In 2003, The Kansas City Royals and the Texas Rangers relocated their spring operations from Florida and moved into a new $48M shared complex in Surprise as Cactus League membership grew to 12 teams.
The Cubs set a new single game attendance record when they drew 12,917 to a game in Mesa against the Diamondbacks on March 30, 2007. The Arizona Office of Tourism estimated that the Cactus league added more that $300M to Arizona’s economy that spring.
In 2006, the White Sox and Dodgers announced that they would be moving their spring operations to a new complex to be built in Glendale. The Dodgers moved from their Vero Beach Grapefruit League complex while the White Sox relocated from down the road in Tucson in 2009. Camelback Ranch in Glendale opened to rave reviews. Featuring the largest (13,000) seating capacity in the Cactus League and a 1,300-foot lake system. The campus became a model for spring training bases.
That same year, the Cleveland Indians returned to the Cactus League at a new complex in the town of Goodyear. The Cincinnati Reds joined the Indians in Goodyear in 2010.
With the addition of the Dodgers, Indians and Reds, the Cactus League now boasts a 15-team circuit. Half of all Major League teams now train in Arizona and for the first time, the Cactus League is equal to Florida’s Grapefruit League in size.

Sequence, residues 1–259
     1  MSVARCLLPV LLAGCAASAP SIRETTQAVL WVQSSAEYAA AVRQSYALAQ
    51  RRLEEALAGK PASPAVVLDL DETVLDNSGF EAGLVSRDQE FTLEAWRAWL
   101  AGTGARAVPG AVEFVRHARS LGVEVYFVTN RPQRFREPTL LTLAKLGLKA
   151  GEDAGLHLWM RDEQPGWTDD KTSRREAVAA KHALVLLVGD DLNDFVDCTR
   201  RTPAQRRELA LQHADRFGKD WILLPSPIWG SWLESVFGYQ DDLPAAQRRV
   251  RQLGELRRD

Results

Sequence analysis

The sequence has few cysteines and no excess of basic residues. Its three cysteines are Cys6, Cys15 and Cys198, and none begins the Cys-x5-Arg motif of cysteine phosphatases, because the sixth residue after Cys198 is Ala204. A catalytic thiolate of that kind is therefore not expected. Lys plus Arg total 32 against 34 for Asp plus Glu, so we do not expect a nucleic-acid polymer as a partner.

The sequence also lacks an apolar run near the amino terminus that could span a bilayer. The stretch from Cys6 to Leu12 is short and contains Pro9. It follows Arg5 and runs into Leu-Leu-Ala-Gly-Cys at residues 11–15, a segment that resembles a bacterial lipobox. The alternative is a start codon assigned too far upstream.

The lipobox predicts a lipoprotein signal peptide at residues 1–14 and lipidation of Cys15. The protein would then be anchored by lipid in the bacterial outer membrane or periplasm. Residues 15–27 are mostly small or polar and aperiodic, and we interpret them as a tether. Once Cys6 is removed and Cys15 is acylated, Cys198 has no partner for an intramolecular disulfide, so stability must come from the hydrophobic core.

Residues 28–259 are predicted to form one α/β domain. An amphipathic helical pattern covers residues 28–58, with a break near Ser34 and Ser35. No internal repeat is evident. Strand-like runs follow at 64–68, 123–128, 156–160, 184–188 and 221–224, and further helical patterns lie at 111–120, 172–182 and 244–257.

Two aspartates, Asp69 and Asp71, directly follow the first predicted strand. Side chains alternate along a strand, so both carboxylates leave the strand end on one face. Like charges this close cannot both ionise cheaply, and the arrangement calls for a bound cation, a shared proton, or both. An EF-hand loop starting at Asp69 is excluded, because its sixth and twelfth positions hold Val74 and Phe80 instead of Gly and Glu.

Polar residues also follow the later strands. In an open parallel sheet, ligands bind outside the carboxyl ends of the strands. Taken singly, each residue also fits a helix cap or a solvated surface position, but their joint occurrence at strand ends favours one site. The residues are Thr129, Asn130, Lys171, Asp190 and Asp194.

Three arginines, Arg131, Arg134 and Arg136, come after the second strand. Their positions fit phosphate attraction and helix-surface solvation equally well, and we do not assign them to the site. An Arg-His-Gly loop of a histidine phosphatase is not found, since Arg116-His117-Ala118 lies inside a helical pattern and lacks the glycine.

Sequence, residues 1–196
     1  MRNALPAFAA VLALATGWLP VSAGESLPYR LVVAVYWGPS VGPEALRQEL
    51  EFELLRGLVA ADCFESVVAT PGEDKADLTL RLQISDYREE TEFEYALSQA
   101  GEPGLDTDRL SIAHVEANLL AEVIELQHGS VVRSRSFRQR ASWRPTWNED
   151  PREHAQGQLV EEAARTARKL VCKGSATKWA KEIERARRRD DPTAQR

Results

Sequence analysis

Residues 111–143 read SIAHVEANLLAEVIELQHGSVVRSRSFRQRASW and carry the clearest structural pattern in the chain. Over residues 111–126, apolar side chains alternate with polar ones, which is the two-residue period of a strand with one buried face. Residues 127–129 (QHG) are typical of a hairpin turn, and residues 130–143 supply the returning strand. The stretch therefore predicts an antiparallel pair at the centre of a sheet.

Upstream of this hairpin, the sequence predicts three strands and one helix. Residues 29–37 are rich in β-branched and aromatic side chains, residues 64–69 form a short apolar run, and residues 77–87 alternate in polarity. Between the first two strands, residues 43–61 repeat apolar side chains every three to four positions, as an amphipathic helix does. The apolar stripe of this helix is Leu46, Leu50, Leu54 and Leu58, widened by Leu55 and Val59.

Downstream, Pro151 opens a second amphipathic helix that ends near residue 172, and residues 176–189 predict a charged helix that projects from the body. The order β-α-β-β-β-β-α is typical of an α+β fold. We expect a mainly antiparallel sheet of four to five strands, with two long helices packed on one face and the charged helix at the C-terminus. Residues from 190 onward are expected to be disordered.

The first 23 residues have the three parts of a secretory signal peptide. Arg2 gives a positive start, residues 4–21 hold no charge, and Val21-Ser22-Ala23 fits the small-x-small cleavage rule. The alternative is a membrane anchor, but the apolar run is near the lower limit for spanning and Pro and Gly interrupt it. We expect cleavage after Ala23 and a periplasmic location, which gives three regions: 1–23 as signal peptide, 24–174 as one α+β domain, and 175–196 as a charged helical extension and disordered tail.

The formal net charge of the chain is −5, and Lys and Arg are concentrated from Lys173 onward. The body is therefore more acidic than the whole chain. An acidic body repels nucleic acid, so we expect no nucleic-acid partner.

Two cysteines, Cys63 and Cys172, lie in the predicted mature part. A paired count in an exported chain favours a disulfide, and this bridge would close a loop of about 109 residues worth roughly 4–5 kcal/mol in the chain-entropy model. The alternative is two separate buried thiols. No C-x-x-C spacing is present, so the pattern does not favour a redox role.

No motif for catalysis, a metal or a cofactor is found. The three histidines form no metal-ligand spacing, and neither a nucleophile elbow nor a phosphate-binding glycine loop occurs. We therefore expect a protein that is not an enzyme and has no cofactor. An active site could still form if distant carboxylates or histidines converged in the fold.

The growth of the Cactus League is bittersweet for Tucson as the move of the White Sox to Glendale triggered clauses in the Rockies and Diamondbacks contracts that allowed the clubs to get out of their leases. In 2011 the two clubs opened a fabulous new facility at the Salt River Indian Community in Scottsdale. The move left Tucson without spring training baseball for the first time since 1947. The Phoenix Metro area now hosts all 15 Cactus League teams in close proximity to each other; another distinct advantage over the rival Grapefruit League. The Rockies and Diamondbacks have set Cactus League attendance records as they host a game nearly every day all spring.
In 2014 Mesa opens a new ballpark for the Chicago Cubs and the Oakland A’s move into Hohokam Park in 2015. Phoenix Municipal Stadium will be turned over to the Arizona State University Sun Devils storied baseball program. The move closes the book on Phoenix Muni as a spring training park. It opened as the jewel of the Cactus League in 1964. Tempe Diablo Stadium, which opened in 1969, becomes the oldest park still hosting spring training.